Andersen has had some good players on the Logan campus, including Cornell Green and Shaler Halimon. Before he brought in Roberts and Williams he had also experienced one of the game's memorable tragedies. On a cold February evening in 1965 Andersen was driving home from a game in which his finest player, a personable, baby-faced All-America senior named Wayne Estes, had scored 48 points. Suddenly the coach came upon flashing red lights, an automobile accident, knocked-down power lines and the supine form of his star player covered in blankets. Estes, after investigating the accident, had walked back to his own car, brushed his head on a telephone wire and been electrocuted instantly. Daily now Andersen passes a glass case in which Estes' uniform, sneakers, trophies and honors are enclosed, and he still shakes visibly when he talks of that evening.
For the present Roberts and Williams are truly a pleasing pair to have on the same side. The former is 6'8", a finesse player who shoots well from outside and is one of the best passers in college. Despite a tendency to laziness, he has averaged 25 points and 13 rebounds in his two years on the varsity. Williams, who is three inches shorter and five months younger, relies more on muscle and power for his points (21 a game last year). No selfishness seems to have intruded on the relationship between the two. "It was never a challenge when Nate came to the varsity," Roberts says. "It's a pleasure to play alongside him and get everybody off my back."
"I feel that when we're in trouble, Marv should put the ball in the air," says Williams, who nevertheless is more the beneficiary of the arrangement because of Roberts' passing ability.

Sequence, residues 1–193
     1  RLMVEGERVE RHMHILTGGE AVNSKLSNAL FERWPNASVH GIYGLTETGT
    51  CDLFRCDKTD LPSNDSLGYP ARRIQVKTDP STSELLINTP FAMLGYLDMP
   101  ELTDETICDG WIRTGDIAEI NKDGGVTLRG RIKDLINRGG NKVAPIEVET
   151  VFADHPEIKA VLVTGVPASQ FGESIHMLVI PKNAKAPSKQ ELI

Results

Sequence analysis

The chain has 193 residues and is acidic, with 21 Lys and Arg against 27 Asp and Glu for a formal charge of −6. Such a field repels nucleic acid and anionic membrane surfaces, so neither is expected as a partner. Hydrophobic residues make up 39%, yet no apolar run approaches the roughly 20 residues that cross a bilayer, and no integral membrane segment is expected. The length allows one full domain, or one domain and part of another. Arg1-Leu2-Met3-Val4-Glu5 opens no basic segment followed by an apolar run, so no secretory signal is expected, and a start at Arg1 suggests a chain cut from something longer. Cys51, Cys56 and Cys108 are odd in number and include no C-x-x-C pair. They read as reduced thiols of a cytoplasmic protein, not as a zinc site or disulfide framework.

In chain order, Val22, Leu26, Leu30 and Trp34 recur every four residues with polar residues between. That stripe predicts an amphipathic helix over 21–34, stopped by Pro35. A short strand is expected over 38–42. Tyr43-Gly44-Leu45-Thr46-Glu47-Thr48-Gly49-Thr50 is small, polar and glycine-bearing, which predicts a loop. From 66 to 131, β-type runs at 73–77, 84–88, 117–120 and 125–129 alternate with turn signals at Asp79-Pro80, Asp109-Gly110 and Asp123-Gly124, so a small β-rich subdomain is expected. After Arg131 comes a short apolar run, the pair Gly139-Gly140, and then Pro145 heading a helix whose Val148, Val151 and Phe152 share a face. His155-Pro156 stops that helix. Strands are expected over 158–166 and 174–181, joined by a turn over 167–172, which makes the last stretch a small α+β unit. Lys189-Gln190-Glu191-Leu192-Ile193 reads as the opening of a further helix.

Both men came to Logan from ghetto backgrounds. Roberts from Bedford Stuyvesant in Brooklyn, Williams from Oakland, where he grew up as one of seven children, worked in the rail yards at night to support his family and once lived in a room with no lights.
Roberts has felt the sting of what he calls "cats who jump off the bandwagon." The day after the West Texas game, perhaps his worst performance ever, he was walking downtown when a student passing in a car yelled out, "Roberts, you're a bum. You stink."
Over in Salt Lake City, Mike Newlin knows how Roberts felt. "He shouldn't be upset at that," said Newlin, a native Californian who admits to being a hot-dog on court. "That's what Utah people are like, I fall down a lot to protect myself. I never get hurt. I know the people swear at me, they hate me. I get less hassle on the road than here. People in Utah aren't afraid to tell you what they think. That's why I never go to classes the day after a game. I don't want to be susceptible to them. I hide." A pro-sized guard who has been the MVP in the Western Athletic Conference for two years and is now a Rhodes scholarship candidate, Newlin seems to have a preoccupation with foul shots. He ranked seventh in the nation last year and against USC last week missed once. "I won't miss any more this year," he said. "I guarantee it."
In his two previous trips to Logan, Newlin had a) two years ago missed a one-and-one opportunity that would have given Utah the lead with six seconds to go and b) last year fouled out of the game with 16 minutes left. Utah lost both games.
"We won't lose this time," Newlin said Friday night. "Everyone is aware we won't. I guarantee it."
Despite his guarantees, Utah State took a 50-38 halftime lead Saturday, due mostly to the work of Love and another good sophomore, Bob Lauriski. The Redskins cut the margin to seven points in the second half but then dropped back again. Mysteriously, Gardner removed Newlin from the game with nearly seven minutes left. The Redskins were behind by 15 at the time, but most observers felt they were still in it. " Newlin was tired," said Gardner. "I don't know why we gave up," said Newlin, who also missed a foul shot. "I don't know how I missed. The crowd was counting my bounces at the line [he takes up to 14 dribbles before putting the ball up]. I wasn't concentrating. I still love to play away from home. This game isn't over. It continues next month." By that time Utah and especially Utah State—a young and improving team with vast potential—should be ready to welcome out-of-staters in again.